What funeral photography is about in 5 (there’re more!) steps

When I tell people I’m a funeral photographer they can be slightly taken aback. They remove “funeral” from the occupation and replace it with “wedding”.
They think, “How can you be a photographer at a funeral? How can you ask people to smile?”
Well, that’s not quite the point. And here are 5 (there are heaps more) points I’d like to share about being a funeral photographer. It might not be what you first imagine!

Not what people expect
Grandchildren at their grandfather’s wake – not the kind of image people expect from a funeral. (The family were thrilled!)

i. A funeral photographer isn’t a wedding photographer!

When a wedding photographer turns up at a wedding everyone knows what to expect and how to behave. When I turn up at funerals people don’t know what to expect. They’re not in a familiar situation and didn’t expect a photographer to be present. There’s no protocol with a funeral photographer so once they’ve seen you they tend to ignore you. You thus become invisible and it’s at that point that you can take really good photos.

The widow leaving the church; in the foreground, the priest hugs her son.

ii. Discretion is key to funeral photography

As you move around discretely, you can capture love, tenderness and genuine emotion. No one is performing for the camera. You also do have images of people smiling and laughing, it’s not all blubbering and red eyes from weeping, as people so frequently imagine.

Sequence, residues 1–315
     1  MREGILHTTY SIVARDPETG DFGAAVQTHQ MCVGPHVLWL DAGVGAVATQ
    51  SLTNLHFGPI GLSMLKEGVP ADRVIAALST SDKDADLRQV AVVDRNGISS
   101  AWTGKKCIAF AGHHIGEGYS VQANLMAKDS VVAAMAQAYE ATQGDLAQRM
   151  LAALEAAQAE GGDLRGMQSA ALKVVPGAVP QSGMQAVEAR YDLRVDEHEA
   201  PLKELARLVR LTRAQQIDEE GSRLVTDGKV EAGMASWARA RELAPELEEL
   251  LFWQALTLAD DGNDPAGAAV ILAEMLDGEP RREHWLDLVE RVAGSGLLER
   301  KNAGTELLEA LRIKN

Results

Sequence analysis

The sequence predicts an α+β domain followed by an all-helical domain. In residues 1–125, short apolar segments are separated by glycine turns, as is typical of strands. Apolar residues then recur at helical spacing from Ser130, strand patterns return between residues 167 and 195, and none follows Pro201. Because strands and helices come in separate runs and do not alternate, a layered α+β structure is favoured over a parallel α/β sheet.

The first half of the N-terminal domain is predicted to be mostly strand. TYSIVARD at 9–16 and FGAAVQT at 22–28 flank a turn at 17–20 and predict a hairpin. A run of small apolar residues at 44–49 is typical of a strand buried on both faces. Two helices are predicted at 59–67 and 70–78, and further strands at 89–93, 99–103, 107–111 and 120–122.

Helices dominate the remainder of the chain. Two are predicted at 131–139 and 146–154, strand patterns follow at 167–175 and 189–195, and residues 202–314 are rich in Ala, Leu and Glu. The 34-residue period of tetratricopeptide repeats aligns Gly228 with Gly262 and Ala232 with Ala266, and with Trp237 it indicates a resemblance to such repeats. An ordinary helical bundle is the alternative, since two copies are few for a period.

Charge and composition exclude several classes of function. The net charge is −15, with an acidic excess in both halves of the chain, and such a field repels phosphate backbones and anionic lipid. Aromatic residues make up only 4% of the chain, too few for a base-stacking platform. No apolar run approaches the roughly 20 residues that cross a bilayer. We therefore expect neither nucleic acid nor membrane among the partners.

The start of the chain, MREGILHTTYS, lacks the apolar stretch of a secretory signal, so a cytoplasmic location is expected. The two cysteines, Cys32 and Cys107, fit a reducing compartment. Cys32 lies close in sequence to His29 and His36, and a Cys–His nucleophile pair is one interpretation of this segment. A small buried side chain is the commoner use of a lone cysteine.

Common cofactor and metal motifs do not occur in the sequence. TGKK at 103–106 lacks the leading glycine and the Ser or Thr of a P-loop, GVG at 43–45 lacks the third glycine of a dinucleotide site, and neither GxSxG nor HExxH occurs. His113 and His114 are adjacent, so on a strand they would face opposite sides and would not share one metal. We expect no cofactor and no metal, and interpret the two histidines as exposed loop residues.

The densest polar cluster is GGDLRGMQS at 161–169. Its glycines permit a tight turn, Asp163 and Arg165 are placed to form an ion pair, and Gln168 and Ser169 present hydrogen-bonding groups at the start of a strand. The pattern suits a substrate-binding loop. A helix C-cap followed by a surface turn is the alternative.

iii. As a funeral photographer you get to capture tenderness

At funerals people are at their most human and it’s this that I love capturing.



I’m interested in people’s humanity. Capturing tenderness. It’s the emotion that people give to each other that is the most moving.

iv. As a funeral photographer you’re enabling people to grieve

You perform a service. You’re recording a gathering of people who’ve loved the deceased and it’s that love that you’re capturing. You’re giving them something that they can remember and look at and see a family/friends united. So you are preserving the memory of a person.

Viv’s living room. Viv was an academic who spent his life collecting objets d’art and books/fine prints and would rearrange his room after each purchase. His family wanted this room, so painstakingly cared for, to be recorded as they said, “It’s just so Viv. It was his pride and joy.”


v. As a funeral photographer you’re giving something tangible to preserve memories

In the west we’ve dispensed with death. The reminders of death (gravestones) are diminishing. Photos are one of the few ways left of preserving that memory by something tangible.